OSHA has determined that this final Recordkeeping rule will allow the agency to improve enforcement targeting and compliance assistance, protect worker privacy and safety and decrease burden on employers.
In what the agency has stated is an effort “to protect worker privacy,” the U.S. Occupational Safety and Health Administration (OSHA) has issued a final rule that eliminates the requirement for establishments with 250 or more employees to electronically submit information from OSHA Form 300 (Log of Work-Related Injuries and Illnesses) and OSHA Form 301 (Injury and Illness Incident Report) to OSHA each year.
These establishments are still required to electronically submit information from OSHA Form 300A (Summary of Work-Related Injuries and Illnesses). The final rule does not alter an employer’s duty to maintain OSHA Forms 300 and 301 on-site, and OSHA will continue to obtain these forms as needed through inspections and enforcement actions.
In a press release, OSHA notes: “By preventing routine government collection of information that may be quite sensitive, including descriptions of workers’ injuries and body parts affected, OSHA is avoiding the risk that such information might be publicly disclosed under the Freedom of Information Act (FOIA). This rule will better protect personally identifiable information or data that could be re-identified with a particular worker by removing the requirement for covered employers to submit their information from Forms 300 and 301.”
As a founding partner of Conn Maciel Carey and chair of the firm’s national OSHA Workplace Safety Group, attorney Eric J. Conn focuses exclusively on issues involving occupational safety and health law. He said that while he supports OSHA's decision to not collect 300- and 301-level data, the amended rule does “not go nearly far enough to fix the problems with the E-recordkeeping rule.”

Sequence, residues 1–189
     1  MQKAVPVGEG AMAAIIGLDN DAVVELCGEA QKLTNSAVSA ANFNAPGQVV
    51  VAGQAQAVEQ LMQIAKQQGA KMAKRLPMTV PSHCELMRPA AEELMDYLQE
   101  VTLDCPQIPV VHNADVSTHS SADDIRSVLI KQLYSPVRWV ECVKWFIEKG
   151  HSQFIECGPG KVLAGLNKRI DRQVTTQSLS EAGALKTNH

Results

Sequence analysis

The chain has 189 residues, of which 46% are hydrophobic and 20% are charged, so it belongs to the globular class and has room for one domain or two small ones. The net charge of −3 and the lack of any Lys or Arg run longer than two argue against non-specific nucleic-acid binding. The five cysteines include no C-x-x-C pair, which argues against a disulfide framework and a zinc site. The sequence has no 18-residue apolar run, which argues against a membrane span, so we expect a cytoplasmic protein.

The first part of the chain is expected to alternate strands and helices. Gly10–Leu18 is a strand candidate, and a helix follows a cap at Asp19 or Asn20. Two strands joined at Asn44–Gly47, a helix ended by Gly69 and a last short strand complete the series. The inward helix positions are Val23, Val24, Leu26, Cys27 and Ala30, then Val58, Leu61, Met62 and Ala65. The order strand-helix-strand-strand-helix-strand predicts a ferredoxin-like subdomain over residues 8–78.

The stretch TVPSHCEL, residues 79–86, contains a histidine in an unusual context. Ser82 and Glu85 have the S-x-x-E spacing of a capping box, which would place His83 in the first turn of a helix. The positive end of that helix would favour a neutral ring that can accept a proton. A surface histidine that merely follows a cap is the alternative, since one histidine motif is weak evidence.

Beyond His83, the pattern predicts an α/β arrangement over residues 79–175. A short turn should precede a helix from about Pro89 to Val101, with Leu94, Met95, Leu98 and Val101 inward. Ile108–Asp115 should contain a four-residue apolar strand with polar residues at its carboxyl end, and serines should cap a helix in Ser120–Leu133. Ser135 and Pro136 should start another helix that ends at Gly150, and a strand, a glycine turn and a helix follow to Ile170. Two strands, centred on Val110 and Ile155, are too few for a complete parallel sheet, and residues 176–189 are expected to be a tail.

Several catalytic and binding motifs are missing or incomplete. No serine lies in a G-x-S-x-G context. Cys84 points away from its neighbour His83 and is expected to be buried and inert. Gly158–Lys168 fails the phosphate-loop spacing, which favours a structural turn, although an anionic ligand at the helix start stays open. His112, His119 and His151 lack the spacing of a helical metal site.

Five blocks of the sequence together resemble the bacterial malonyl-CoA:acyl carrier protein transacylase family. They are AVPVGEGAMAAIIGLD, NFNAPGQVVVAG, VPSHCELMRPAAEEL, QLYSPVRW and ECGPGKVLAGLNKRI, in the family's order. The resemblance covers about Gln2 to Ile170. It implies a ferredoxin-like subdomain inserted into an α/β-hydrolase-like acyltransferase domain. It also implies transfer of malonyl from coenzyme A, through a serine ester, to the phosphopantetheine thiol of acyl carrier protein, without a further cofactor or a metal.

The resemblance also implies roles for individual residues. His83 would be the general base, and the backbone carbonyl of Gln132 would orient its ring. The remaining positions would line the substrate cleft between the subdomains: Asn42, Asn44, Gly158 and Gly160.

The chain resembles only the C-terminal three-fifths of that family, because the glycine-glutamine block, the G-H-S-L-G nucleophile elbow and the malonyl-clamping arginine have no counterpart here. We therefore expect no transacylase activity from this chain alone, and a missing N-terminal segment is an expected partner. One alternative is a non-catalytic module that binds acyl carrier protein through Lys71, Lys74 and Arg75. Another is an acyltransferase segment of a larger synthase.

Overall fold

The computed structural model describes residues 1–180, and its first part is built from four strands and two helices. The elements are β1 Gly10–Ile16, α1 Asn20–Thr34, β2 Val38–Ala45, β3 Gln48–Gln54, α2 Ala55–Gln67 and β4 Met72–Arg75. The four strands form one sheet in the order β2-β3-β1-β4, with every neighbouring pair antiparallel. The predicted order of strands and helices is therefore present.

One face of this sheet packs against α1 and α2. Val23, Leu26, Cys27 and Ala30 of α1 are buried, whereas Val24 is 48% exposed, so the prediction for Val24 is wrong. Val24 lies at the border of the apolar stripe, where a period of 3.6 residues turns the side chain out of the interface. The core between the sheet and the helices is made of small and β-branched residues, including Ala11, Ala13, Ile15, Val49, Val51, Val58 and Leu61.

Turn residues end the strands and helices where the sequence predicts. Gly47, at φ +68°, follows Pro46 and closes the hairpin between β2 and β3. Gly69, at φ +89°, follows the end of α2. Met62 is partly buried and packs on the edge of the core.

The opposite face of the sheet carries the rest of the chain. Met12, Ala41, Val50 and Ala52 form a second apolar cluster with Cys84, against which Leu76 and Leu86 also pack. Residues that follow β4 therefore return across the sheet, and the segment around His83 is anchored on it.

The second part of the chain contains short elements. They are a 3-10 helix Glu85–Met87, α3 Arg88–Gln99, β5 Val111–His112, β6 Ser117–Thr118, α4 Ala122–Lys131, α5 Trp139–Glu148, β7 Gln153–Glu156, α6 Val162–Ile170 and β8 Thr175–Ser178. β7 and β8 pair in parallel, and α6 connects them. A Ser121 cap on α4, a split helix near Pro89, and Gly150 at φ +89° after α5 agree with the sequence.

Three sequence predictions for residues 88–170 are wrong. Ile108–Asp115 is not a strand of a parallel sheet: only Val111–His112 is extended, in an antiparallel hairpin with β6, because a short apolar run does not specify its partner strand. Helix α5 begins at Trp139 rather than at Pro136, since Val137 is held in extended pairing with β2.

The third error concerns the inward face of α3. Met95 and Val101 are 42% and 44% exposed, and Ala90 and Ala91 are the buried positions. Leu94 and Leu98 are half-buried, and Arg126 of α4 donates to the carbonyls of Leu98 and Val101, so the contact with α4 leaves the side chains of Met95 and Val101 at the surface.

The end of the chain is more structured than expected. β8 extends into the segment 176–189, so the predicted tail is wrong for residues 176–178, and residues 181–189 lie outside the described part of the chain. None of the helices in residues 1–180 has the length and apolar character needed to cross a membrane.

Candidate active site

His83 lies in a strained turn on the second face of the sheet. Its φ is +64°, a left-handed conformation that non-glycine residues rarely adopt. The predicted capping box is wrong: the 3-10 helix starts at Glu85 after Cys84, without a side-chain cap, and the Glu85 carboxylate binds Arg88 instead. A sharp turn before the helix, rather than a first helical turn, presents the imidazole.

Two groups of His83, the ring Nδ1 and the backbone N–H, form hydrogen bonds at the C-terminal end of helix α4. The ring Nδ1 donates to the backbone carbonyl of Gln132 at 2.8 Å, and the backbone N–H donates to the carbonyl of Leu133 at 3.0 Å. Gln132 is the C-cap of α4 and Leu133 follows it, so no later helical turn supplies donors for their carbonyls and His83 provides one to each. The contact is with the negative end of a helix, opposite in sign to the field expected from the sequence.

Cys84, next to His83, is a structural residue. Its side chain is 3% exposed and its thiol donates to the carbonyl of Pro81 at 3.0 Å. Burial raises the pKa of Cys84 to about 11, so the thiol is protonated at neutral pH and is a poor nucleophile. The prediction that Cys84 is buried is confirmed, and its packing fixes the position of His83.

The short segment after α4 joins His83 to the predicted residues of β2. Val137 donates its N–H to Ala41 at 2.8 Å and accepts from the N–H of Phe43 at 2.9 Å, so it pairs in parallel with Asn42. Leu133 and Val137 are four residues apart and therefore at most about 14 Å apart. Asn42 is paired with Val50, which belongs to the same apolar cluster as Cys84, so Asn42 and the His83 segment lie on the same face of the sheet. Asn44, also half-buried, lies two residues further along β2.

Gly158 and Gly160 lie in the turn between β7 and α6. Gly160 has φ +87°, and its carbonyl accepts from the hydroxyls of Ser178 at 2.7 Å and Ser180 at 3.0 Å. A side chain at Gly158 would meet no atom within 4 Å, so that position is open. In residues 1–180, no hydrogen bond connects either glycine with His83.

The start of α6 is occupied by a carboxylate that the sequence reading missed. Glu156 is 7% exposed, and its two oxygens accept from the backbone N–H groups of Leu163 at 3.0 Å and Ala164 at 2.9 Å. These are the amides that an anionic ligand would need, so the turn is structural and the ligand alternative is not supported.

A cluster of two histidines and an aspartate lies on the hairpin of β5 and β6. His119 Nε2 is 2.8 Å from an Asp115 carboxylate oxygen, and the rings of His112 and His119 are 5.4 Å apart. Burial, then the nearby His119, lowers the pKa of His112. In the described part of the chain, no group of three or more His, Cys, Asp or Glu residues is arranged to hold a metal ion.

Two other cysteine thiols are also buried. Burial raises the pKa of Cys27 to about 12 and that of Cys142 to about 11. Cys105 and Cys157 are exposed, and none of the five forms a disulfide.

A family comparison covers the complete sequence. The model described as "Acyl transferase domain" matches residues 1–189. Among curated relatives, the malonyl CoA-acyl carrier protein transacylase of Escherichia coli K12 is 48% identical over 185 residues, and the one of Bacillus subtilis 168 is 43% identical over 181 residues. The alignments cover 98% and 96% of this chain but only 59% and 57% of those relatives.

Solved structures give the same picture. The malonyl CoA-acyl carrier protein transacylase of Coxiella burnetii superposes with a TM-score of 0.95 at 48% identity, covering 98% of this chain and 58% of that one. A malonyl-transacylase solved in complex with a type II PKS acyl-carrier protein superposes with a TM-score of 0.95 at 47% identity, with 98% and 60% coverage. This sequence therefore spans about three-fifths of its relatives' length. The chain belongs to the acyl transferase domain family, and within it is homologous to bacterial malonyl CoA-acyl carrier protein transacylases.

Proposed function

“There should have been some express provision added to prevent the data that is collected from being published, or at least not published along with employer-identifying information,” Conn continued. “They also should have struck the duplicative and unworkable anti-retaliation elements. And they should have modified the definition of high hazard industry to focus on actual high hazard industries, not perfectly average industries like it does now. I would have also liked to see the threshold number of employees to increase from 25, so as not to overburden really small employers.”
OSHA said the amended rule will allow the agency to focus its resources on initiatives that its past experience has shown to be useful, including continued use of information from severe injury reports that helps target areas of concern, and seeking to fully utilize a large volume of data from Form 300A.
The agency also is amending the recordkeeping regulation to require covered employers to electronically submit their Employer Identification Number (EIN) with their information from Form 300A. The final rule’s requirement for employers to submit their EIN to OSHA electronically along with their information from OSHA Form 300A will make the data more useful for OSHA and the Bureau of Labor statistics and could reduce duplicative reporting burdens on employers in the future.
Collection of calendar year 2018 information from the OSHA Form 300A began on Jan. 2. The deadline for electronic submissions is March 2.